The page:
Sunday, December 25, 2005


So this post is about films. Went to the cinema 4 times this past week! From Friday to Friday.

Watched Paradise Now, for the 2nd time, this time was paid, first time was a screening. Film's about 2 Palestinian suicide bombers, and their journey, sorta. Very interesting film, shot well too. Though disappointed that they didn't take the chance to show the violence of the occupation.

Then I watched Pride and Prejudice. I usually don't like these sorts of girly, romantic films. And this was my first Jane Austen experience. I liked it. AMAZING cinematography, really beautiful stuff. Though it seemed very sudden that he fancied Elizabeth and how she liked him, didn't seem gradual, but lovely shots.

Then I watched Syriana. Interwoven storylines and stuff, just like Traffic, written and directed by the writer of Traffic, innit. Very interesting film, its about the oil trade, done the same way Traffic was about the drug trade. This one had very interesting themes and characters, and didn't make Arabs/Muslims look totally bad. Basically, bad practices by institutions and stuff lead to violent actions from the people? That's the one theme I got. This film definetely needs to be seen again.
And I thought, Stephen Gaghan, he's so lucky, so young. He wrote Traffic, and he wrote and directed this film Syriana, with George Clooney and produced by Section 8 or something. Man, he's got it made.

Anyway, a film that does not need to be seen again is King Kong. BUT, I enjoyed it though. Three hours long, too long, but the film is just MASSIVE. Just HUGE! It's all spectacle, the whole thing. All I knew is that they go this island and there's King Kong and somehow he ends up in NY, so it was new to me, the story. I know they changed the way girl acts toward the gorilla, that she kinda seduces him, whereas in the original she was just scared shitless or something. But, very entertaining, squirmy, scary, and in some parts, touching. Peter Jackson.

Re-reading White Teeth right now. Zadie Smith is a genius. I'd love to meet her in person, to see what she's like. Definetely give it a read.

Sunday, December 18, 2005

Not surprised at this

This is 1984. We are the proletariat, being spyed upon by our government. What are we going to do?

Bush admits he authorised spying

President George W Bush has admitted he authorised secret monitoring of communications within the United States in the wake of the 2001 terror attacks.
The monitoring was of "people with known links to al-Qaeda and related terrorist organisations", he said.
He said the programme was reviewed every 45 days, and he made clear he did not plan to halt the eavesdropping.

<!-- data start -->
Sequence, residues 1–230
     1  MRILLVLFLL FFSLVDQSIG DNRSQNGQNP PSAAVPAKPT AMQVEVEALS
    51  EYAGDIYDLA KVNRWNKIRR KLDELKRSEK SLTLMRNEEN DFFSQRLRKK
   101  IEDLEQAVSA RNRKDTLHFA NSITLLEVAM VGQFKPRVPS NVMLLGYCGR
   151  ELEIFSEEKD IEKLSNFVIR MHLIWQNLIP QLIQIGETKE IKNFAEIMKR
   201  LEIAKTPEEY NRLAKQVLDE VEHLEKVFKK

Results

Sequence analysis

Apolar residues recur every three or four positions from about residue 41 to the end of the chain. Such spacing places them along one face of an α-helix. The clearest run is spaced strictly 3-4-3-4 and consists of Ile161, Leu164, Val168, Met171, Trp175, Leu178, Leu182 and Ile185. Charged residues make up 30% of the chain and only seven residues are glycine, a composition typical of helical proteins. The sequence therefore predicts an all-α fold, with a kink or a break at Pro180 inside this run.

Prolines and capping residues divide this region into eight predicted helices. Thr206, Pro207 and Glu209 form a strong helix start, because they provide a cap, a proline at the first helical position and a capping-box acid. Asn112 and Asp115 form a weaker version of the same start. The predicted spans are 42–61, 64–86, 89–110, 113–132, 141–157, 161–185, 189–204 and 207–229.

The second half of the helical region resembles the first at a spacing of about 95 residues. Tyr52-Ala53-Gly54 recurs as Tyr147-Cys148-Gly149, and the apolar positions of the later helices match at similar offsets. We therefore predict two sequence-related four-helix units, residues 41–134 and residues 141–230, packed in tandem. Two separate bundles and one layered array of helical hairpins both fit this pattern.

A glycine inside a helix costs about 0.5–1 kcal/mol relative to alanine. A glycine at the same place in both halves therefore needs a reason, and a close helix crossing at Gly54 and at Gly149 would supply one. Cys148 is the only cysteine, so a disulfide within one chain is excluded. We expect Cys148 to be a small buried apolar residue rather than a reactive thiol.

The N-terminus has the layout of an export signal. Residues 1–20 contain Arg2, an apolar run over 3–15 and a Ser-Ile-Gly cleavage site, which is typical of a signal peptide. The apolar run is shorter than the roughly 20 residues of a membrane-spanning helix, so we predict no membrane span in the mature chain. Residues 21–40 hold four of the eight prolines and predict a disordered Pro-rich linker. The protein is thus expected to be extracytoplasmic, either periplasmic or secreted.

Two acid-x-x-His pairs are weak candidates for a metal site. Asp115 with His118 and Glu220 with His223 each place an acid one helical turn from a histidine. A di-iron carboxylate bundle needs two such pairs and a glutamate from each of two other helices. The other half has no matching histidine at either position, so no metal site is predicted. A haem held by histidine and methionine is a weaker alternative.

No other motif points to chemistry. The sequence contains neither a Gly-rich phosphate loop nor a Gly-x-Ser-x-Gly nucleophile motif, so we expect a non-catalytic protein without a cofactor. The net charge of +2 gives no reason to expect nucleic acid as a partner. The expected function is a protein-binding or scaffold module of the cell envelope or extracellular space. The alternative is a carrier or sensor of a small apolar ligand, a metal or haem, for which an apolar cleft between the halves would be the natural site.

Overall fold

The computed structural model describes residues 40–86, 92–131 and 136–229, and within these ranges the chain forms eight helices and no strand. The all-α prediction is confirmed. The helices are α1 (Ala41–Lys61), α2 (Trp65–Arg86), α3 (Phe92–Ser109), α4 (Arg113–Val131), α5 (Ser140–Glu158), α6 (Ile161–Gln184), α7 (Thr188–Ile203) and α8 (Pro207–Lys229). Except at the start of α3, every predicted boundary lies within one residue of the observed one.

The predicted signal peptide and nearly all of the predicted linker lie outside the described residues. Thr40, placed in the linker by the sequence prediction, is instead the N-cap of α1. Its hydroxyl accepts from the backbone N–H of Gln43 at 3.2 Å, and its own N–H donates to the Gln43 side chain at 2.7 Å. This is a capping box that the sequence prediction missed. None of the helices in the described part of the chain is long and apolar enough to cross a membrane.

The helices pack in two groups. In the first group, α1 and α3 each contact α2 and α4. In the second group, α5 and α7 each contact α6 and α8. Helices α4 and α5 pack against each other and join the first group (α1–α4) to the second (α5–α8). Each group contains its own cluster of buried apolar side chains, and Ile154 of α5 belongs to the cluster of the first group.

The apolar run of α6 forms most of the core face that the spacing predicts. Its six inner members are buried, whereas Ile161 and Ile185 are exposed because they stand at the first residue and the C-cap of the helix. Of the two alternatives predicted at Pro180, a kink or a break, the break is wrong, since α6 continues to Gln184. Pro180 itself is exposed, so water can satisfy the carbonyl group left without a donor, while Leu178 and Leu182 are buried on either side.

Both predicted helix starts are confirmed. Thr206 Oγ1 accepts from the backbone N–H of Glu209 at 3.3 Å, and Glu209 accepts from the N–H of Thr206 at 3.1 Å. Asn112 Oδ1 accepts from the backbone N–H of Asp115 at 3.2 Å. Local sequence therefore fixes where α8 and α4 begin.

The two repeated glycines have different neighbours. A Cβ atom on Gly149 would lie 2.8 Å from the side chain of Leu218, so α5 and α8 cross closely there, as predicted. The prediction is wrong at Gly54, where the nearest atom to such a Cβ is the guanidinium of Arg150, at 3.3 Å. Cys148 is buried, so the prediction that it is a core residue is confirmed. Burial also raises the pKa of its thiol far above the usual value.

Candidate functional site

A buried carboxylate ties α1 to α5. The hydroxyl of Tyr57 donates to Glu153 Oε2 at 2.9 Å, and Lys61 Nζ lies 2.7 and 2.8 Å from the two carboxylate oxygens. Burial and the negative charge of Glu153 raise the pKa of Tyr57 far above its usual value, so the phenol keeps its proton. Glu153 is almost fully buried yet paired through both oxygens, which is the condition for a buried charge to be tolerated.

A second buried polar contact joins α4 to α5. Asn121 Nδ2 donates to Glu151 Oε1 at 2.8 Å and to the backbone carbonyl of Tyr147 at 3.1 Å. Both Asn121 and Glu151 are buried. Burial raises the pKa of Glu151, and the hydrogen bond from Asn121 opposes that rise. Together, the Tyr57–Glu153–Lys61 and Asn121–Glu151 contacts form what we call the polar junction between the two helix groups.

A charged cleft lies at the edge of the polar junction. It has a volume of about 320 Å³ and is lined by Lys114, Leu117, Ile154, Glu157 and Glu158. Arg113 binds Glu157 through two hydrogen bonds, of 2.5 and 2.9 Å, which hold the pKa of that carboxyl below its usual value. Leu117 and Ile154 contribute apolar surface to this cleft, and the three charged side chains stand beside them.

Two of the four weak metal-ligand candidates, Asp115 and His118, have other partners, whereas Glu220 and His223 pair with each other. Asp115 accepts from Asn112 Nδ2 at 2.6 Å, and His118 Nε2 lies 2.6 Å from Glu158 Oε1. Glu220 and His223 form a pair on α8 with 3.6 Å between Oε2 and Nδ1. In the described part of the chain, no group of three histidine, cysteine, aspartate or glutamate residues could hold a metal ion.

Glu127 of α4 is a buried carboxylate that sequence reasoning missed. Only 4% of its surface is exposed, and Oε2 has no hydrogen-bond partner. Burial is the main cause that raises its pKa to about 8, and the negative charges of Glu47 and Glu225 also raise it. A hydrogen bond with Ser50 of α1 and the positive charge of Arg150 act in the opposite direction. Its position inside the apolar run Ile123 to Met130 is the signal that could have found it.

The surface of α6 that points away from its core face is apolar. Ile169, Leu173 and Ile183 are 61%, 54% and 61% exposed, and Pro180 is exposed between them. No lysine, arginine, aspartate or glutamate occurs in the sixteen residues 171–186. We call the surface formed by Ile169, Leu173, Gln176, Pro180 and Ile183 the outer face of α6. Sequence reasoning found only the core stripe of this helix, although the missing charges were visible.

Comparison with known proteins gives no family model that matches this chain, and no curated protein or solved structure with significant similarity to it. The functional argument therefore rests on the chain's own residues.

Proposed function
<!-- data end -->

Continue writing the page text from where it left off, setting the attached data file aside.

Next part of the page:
He also rebuked senators who blocked the renewal of his major anti-terror law, the Patriot Act, on Friday.
By preventing the extension of the act, due to expire on 31 December, they had, he said, acted irresponsibly and were endangering the lives of US citizens.
The president, who was visibly angry, also suggested that a New York Times report which had revealed the monitoring on Friday had been irresponsible.
America's enemies had "learned information they should not have", he said in his weekly radio address, which was delivered live from the White House after a pre-recorded version was scrapped.

'Big Brother'

Senators from both Mr Bush's Republican party and the opposition Democrats expressed concerns about the monitoring programme on Friday.
Senator Arlen Specter, the Republican chairman of the Senate Judiciary Committee , said there was no doubt it was "inappropriate", adding that Senate hearings would be held early next year as "a very, very high priority".
"This is Big Brother run amok," was the reaction of Democratic Senator Edward Kennedy.
Senator Russell Feingold, another Democrat, called it a "shocking revelation" that "ought to send a chill down the spine of every senator and every American".
But in his address on Saturday, Mr Bush said the programme was "critical to saving American lives".
The president said some of the 11 September hijackers inside the US had communicated with associates outside before the attacks - but the US had not known that until it was too late.
"The American people expect me to do everything in my power, under our laws and Constitution, to protect them and our civil liberties," he said.
Monitoring was, he said, a "vital tool in our war against the terrorists".
He said Congressional leaders had been briefed on the programme, which he has already renewed more than 30 times.

'Illegal leak'

Mr Bush harshly criticised the leak that had made the programme public.
"Revealing classified information is illegal. It alerts our enemies," he said.